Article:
John baked a cake for dessert. Mary liked the cake. That cake is healthier than those bonbons.
Some theories following Keith Allen (1980) claim that all nouns are count and mass to a certain extent.
At least some nouns appear to be both: count and mass
We call such nouns
dual-life nouns
a binary division of nouns into countable and uncountable is not possible.
the assignment of a [±count] feature cannot be based on the lemma
We investigate different types of nouns, not only the prototypes like
car, dog, wine, water...
We consider the senses of nouns
Native speakers of English annotate the noun-sense-pairs in terms of answering questions about some syntactic-semantic features
long-term goal
: a token based classification of nouns
Extraction of
nouns with a frequency > 10
the first four senses from Wordnet

ca. 14.000
noun sense pairs
already annotated
While considering the noun
car
we extract the first four senses of car and pass them to the annotators
four canadian assistants annotated pairwise a set of noun sense pairs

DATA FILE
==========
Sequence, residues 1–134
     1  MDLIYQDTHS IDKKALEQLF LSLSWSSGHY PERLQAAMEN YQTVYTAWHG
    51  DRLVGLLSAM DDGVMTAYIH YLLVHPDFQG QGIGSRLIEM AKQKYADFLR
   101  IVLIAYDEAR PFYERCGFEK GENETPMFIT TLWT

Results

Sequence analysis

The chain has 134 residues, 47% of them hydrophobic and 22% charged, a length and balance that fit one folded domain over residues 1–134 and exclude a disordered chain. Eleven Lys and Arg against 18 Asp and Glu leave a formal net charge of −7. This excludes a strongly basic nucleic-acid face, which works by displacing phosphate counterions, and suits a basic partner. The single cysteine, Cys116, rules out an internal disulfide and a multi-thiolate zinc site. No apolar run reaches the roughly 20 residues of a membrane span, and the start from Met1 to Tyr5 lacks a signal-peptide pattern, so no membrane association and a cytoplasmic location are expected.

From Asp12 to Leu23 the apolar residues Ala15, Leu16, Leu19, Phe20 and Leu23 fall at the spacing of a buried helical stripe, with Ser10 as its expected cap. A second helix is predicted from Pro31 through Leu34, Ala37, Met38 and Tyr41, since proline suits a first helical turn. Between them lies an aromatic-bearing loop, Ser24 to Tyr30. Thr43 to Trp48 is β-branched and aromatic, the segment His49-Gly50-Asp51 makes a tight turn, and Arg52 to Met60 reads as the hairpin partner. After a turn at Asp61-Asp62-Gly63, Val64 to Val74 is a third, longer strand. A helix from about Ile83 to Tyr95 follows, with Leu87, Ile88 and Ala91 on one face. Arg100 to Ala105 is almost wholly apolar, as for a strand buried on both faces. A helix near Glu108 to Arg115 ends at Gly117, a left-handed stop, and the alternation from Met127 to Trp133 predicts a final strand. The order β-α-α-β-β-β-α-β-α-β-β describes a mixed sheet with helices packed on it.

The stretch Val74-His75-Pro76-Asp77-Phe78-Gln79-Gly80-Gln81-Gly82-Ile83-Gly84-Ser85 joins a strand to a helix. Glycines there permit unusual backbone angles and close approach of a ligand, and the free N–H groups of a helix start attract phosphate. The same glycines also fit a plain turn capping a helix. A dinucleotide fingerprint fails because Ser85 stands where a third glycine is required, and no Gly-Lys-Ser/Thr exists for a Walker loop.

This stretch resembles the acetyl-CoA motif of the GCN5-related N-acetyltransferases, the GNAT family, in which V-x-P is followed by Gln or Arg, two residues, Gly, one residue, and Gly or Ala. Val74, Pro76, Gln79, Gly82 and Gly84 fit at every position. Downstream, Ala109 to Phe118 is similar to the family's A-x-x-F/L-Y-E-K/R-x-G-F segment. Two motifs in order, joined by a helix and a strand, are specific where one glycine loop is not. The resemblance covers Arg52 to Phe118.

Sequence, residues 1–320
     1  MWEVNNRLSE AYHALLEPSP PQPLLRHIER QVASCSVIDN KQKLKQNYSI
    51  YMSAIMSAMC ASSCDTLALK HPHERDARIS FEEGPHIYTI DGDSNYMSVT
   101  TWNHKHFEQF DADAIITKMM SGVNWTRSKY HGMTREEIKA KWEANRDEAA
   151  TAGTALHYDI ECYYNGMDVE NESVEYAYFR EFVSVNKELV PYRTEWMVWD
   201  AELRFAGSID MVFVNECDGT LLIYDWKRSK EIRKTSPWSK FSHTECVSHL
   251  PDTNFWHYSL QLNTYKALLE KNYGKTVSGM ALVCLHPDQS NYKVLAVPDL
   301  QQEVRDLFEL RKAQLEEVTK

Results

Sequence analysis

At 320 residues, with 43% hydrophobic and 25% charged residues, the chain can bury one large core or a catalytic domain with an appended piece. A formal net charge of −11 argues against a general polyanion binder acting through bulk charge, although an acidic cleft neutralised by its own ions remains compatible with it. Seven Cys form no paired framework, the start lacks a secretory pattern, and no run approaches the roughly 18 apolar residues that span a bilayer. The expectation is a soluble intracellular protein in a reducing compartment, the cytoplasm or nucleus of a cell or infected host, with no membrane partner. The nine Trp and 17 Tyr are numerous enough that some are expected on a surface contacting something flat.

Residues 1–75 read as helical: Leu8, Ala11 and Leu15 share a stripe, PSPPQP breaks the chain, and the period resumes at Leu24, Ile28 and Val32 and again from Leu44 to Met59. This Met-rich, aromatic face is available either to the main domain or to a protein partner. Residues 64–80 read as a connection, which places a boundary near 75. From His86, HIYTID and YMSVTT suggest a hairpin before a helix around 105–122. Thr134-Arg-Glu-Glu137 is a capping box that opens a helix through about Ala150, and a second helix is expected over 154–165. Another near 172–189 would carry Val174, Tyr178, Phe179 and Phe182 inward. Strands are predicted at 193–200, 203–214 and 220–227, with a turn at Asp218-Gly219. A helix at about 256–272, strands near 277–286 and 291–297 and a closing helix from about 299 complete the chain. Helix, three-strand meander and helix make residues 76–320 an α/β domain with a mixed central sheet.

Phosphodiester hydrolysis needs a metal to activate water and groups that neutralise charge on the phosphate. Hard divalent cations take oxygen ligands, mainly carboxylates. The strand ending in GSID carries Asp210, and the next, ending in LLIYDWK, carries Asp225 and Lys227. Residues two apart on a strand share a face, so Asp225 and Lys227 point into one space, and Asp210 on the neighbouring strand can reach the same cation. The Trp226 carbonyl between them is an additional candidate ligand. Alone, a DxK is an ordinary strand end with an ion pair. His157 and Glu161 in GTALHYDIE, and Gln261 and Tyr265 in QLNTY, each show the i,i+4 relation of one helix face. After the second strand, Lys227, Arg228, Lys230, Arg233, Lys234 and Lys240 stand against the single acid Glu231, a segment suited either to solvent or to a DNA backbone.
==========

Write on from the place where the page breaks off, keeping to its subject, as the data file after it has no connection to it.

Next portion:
The values of the IAA (Krippendorfs α) for each question range from 0.635 to 0.762
tests the grammaticality of a certain construction by inserting the annotated noun sense
Three two-part questions:
Test I.1
Test I.2
Test II.1
Test II.2
Test III.1
Test III.2
Test I.1
Test I.2
Test II.2
Test II.1
Test III.1
Test III.2
The boy ate more fruitcake than the girl --> Yes
*John bought more car than Bill --> No
Ted owns more furniture than Ross --> Yes
more fruitcake --> not number
more furniture --> number
*more car --> not applicable
John bought more cars than Bill. --> Yes
He drank more whiskeys than her. --> Yes
He drank more glasses of whiskey than her.
--> equivalent
(*) John bought more kinds of car than Bill.
--> not equivalent
A car is a vehicle. ---> Yes
#A whiskey is a liquid. ---> No
Whiskey is a drinkable liquid containing alcohol. ---> Yes
*Car is a vehicle. ---> No
For every question three possible answers are given

Test I.1 yes, no, NA
Test I.2 number, not number, NA
Test II.1 yes, no, NA
Test II.2 equivalent, not equivalent, NA